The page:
The line was about 1,000 people long already. Wow. So I found the end and figured I would wait it out. It turns out I was right next to a great guy from Oak Ridge and we knew a lot of the same people and had a fine conversation. By the time the badges started getting handed out, the line was probably 3,000 people long and completely filled the top floor of the convention center. But it moved quickly and I got my badge. This year there was no electronics to it. It was titanium, instead. They did run out, as usual, but not until the first day of Def Con. Everybody who pre-registered got one.
Def Con was at the Rio this year. We found a parking structure that turned out to be at the other end of the complex and sent about 15 minutes walking in. Black Hat was big (about 4,000 attendees) but paled in comparison with Def Con, which I think hit 12,000 this year.. Not the greatest place for somebody who doesn’t like crowds, but I had prepared myself and managed not to freak out. At least not until Saturday when I lost my rental car keys and had to try to sort that out in the midst of a mob.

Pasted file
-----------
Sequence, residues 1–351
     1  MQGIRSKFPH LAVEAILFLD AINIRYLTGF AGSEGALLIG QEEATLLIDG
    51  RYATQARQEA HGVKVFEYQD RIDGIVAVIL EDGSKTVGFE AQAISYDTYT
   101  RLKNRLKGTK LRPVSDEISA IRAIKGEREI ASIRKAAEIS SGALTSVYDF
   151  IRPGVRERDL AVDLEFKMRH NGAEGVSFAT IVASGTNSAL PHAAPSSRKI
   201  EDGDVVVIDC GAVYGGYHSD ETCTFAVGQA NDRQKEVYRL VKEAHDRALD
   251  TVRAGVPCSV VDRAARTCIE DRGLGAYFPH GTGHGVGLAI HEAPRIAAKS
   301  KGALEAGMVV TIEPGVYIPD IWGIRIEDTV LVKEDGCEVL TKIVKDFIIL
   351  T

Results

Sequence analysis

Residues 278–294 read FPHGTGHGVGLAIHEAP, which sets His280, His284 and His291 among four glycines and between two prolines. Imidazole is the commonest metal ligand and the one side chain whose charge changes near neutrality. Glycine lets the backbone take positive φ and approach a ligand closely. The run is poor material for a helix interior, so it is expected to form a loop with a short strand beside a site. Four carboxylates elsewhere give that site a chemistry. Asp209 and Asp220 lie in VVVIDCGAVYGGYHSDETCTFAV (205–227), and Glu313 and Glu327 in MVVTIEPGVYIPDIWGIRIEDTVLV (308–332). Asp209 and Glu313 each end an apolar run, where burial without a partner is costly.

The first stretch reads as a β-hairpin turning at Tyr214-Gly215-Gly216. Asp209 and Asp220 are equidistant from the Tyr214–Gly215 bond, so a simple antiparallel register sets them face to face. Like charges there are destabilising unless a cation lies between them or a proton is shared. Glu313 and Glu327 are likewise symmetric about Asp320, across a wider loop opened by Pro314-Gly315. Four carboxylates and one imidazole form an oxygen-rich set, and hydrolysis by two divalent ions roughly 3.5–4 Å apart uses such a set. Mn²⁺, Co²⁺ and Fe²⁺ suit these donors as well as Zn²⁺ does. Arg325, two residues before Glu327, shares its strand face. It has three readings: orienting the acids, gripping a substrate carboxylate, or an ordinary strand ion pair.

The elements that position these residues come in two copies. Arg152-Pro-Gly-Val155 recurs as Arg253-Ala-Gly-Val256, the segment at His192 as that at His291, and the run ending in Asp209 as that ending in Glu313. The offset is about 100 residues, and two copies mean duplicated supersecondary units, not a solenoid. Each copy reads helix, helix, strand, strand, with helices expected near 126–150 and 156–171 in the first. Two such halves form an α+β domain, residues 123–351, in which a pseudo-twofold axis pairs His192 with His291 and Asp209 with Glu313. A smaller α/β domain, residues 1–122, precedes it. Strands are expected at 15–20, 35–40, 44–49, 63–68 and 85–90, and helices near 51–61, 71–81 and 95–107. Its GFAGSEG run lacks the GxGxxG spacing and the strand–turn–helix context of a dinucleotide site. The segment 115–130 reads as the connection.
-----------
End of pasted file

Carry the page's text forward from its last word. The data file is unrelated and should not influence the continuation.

|The “wall of sheep”|
I didn’t go to many talks at Def Con; other stuff was way more interesting. The ones I did attend were pretty disappointing. People-watching was incredible; some mohawks and lots and lots of black. We went to the lock-picking practice room and spent some time there; I wandered through the Capture The Flag room where there were several groups of tables with people madly working 24/7 to be first to hack a supposedly “secure” system and solve a series of incredibly difficult puzzles on the way. I went to the contests room and decided not to do the geocaching contest; it would have taken all our time. Some of the other contests looked like fun.The “Wall of Sheep” was there; the passwords of anyone stupid enough to log on to anything over the network in the clear are displayed for all to see.